- Are your floors too slipper for a dog who likes to run around?
Once you answer these questions, you can quickly find potential hazards and neutralise them.
Pro Advice: This isn’t a one-time ordeal. You’ll have to re-assess your home as your dog grows and his needs and behaviours change.
Dog-Proofing Living Room
Cords and furniture will be your biggest problems when dog-proofing your living room. That’s because your doggo prefers running here when banished inside the house.
1. Buy Dog-Friendly Furniture
If you want to buy new furniture, you could invest in durable and easy-to-clean materials. Leather and microfiber are generally good choices.
Keep a dog-proof cover or blanket on your furniture, especially where your dog likes to rest and relax. This will minimise wear and tear against your dog’s chewing, clawing and digging tendencies.
2. Contain Electrical Cords and Gadgets
A tangled mess of wires isn’t just an eyesore; it’s an accident waiting to happen.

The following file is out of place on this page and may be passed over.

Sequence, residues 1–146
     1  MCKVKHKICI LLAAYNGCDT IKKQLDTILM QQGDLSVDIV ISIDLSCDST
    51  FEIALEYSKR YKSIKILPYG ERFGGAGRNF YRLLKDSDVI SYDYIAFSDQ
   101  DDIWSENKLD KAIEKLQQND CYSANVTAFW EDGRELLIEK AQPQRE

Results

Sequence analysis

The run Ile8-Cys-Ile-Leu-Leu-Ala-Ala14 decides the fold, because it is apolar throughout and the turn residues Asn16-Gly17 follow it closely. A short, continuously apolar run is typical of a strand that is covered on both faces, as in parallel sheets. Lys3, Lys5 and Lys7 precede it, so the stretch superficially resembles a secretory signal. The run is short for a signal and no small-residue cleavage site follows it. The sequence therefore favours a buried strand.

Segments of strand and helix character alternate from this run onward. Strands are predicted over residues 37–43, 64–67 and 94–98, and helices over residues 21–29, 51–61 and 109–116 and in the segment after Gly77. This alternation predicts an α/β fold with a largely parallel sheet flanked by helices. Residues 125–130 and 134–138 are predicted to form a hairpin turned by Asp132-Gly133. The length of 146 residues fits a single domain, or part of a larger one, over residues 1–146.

Bundle your electrical cords and use cord protectors to ensure they aren’t a low-hanging fruit within the reach of a a chew-happy dog. Store the rest of your gadgets in a place your dog can’t reach.
3. Block Access to Dangerous Places
Use a baby gate or a fireplace screen to block their access. Cover HVAC vents as well.
Additionally, make sure your living room windows are always locked. I like to cover them with curtains so Jeff doesn’t see anything tempting outside.
4. Get Rid of Small Items.
Remove any decoration from the coffee or end table that could be broken easily or small enough to be chewed. It also includes putting your legos and other small items in a box closed with a lid.